Where do first-time course creators go wrong?

Course creation is a pretty complex process – especially if you want to do it right. First-time course creators find themselves having to learn lots of new tech and skills. It’s a massive learning curve. And like learning anything new, you’re bound to make mistakes. I discussed my own lessons from my first course in this blog post. But I’d also like to share some common mistakes that I see again and again to help you avoid them when creating your first course.

Here are 8 ways new course creators go wrong with their first course:

Not having an audience

You’re not going to be able to sell your course if you have no audience to sell to. Where do you get that audience? By building an email list of people interested in the service you offer or the course you want to create. It’s not enough to create the course first and then promote it on social media or in groups. The best way to get people to pay attention to your course is to send it directly to them in their inbox.

Not testing your idea before building your course.

It’s essential that you find out if people will spend money on your course before you build it. This doesn’t mean selling your course before you build it. It just means talking to your ideal clients and asking them if it would be something they’d buy or not. If the kind of course you want to create already exists in the market, then you need to figure out what makes yours unique. Your unique selling point or USP. Once you know your USP, you can find out if this is what your ideal client is looking for. And again, the best way to find this out is to ask them.

Not knowing the skill/experience level of your audience

This one goes hand in hand with the previous two. If you have no audience to talk to, you’re not going to know if they’d be interested in your course AND you’ll not know anything about them. If you don’t understand where your attendees are on their journey, you may end up with a course that doesn’t resonate with anyone. For example, an audience of graphic designers won’t be interested in a course on Canva. But they might be interested in an Adobe Illustrator one.

Having poor-quality content

It doesn’t have to look perfect but nobody wants a course filled with fluff. Making content for the sake of making it will be a waste of your time to create and of no value to anyone. Your course needs to transform their lives in some way and the best way to do this is to create actionable content. Content that they can implement and learn from. Give them a quick way to master useful skills without the non-essential fluff and they’ll love you for it.

Adding too much into one course

You need to narrow your course down to teaching one specific thing. Covering too many topics in a single course will lead to information overload. Overload them and they’ll end up feeling overwhelmed rather than excited and informed. And that’s definitely not how you want them to feel. This all goes back to creating a course outline. You need to plan what is essential information and what’s not. Rather create a couple of short courses instead of one BIG one. Creating short courses means you get started faster and are able to sell them quicker. And once you’ve created them all you could offer them as a complete bundle.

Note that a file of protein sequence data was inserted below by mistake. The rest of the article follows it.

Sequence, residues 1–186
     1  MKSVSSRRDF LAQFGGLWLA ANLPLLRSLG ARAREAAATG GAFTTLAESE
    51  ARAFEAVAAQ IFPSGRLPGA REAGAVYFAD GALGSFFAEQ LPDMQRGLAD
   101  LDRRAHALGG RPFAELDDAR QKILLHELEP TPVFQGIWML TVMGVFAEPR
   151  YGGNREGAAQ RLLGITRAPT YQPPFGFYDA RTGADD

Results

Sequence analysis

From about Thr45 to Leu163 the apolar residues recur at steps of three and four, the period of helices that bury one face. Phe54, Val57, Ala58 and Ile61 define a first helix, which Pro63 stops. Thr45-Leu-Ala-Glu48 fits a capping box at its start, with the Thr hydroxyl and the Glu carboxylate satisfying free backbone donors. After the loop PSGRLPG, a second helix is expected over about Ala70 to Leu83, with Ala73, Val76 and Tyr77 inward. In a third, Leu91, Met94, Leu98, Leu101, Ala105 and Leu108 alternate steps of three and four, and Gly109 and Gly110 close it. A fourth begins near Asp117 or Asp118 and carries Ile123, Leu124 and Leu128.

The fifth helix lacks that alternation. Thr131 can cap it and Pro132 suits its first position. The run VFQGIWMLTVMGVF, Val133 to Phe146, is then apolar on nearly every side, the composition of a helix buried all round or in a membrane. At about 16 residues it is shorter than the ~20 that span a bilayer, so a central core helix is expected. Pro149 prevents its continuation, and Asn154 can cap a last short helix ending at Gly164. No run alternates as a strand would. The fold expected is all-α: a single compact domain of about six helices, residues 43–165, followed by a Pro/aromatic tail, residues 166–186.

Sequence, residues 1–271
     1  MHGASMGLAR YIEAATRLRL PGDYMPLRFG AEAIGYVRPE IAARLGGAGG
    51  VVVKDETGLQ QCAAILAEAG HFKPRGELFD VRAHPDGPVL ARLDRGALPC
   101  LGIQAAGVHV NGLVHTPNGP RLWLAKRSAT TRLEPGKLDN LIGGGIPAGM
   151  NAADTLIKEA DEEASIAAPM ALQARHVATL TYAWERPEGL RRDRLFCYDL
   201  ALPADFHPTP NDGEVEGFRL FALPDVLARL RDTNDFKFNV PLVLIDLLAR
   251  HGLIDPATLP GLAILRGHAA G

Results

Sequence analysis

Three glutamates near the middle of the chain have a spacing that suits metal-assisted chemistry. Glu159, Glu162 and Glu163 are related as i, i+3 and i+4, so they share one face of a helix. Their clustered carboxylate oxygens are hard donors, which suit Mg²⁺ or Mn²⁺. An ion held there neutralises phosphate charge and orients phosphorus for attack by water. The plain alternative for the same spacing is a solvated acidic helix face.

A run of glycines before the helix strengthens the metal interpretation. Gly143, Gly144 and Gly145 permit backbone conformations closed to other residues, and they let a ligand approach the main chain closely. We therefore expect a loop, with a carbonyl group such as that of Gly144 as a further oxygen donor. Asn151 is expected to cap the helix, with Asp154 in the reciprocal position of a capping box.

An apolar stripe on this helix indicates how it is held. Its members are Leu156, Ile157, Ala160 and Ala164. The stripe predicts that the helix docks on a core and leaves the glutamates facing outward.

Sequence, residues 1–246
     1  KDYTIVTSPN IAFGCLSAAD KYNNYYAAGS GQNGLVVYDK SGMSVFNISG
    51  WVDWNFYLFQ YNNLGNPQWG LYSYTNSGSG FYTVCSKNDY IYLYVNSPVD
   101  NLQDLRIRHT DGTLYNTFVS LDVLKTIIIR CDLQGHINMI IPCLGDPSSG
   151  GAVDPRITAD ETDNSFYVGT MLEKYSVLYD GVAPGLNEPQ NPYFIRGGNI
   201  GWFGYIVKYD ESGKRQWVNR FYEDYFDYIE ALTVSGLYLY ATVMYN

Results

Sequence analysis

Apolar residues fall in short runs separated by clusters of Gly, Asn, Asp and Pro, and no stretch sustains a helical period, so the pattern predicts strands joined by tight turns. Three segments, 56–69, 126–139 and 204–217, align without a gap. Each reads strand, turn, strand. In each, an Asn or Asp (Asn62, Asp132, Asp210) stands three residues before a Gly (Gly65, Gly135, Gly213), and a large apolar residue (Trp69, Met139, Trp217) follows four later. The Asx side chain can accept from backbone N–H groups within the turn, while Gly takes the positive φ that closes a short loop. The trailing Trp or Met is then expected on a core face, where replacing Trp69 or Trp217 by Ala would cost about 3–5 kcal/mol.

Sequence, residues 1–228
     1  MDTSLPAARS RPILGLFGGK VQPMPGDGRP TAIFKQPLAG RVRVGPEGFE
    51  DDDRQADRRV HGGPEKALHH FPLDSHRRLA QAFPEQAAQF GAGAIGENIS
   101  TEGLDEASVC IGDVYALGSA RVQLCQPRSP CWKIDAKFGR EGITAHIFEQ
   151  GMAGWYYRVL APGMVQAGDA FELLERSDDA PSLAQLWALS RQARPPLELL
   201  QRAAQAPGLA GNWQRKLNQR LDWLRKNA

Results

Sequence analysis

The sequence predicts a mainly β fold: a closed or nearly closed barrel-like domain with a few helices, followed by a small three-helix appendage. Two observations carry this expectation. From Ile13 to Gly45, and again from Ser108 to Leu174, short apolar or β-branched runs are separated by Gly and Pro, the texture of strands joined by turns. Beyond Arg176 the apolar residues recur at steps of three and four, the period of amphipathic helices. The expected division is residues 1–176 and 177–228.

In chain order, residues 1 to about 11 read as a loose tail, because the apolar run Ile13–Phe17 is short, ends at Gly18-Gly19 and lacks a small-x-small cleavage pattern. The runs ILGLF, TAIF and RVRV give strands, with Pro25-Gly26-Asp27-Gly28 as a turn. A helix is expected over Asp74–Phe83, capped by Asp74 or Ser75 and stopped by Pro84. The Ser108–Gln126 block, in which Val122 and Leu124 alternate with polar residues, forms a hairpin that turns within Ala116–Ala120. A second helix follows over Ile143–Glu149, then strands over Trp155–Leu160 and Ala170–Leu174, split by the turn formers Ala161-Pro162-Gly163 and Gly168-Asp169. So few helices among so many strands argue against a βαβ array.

They don’t test everything before launching

This one seems like a no-brainer but you’ll be surprised how many course creators launch a course without testing everything first. Erm … myself included. It’s easy to get excited at completing the course creation process and understandable that you would want to share it immediately. Just don’t. Get a couple of friends to test the whole process and work through the material before you launch. It’ll save you a lot of embarrassment.

Not playing to your strengths

It’s no secret that I’m not comfortable on camera, so for me to offer an entire course in video format would not only be torture for me but will probably be very uncomfortable for my course attendees to watch. But if you’re a natural on camera you can use that to full advantage. Video isn’t the only option for course content. You’re a great writer? Create written content. A tech whizz who can create animated explainer videos? Your course attendees would love that. Have a radio voice? Record screencast videos or podcasts. You see where I’m going with this, you can customise your course content to suit your strengths.

Getting the pricing wrong

This is a biggie. I recently invested in a $1000 course and another one that offered similar content for $197. Guess which one I worked through diligently and competed? Hint: It’s not the cheap one. I’m sure you’re thinking that if you have a great course at a low price, people will buy it, right? But it actually works the other way round. If a course is priced too low, people won’t believe it has much value. They’d rather invest in a higher-priced course which seems to offer them more, regardless of whether it does or not. This doesn’t mean that you have to offer something massive and complex to charge a premium price. This goes back to the quality of your content. A powerful streamlined course can justify a high price if it helps people get results.


Creating a successful online course doesn’t have to be hard. As long as you understand that it takes some preparation and hard work. Figure out what your audience wants and then make sure you cover your topic entirely, but without the fluff and overwhelm.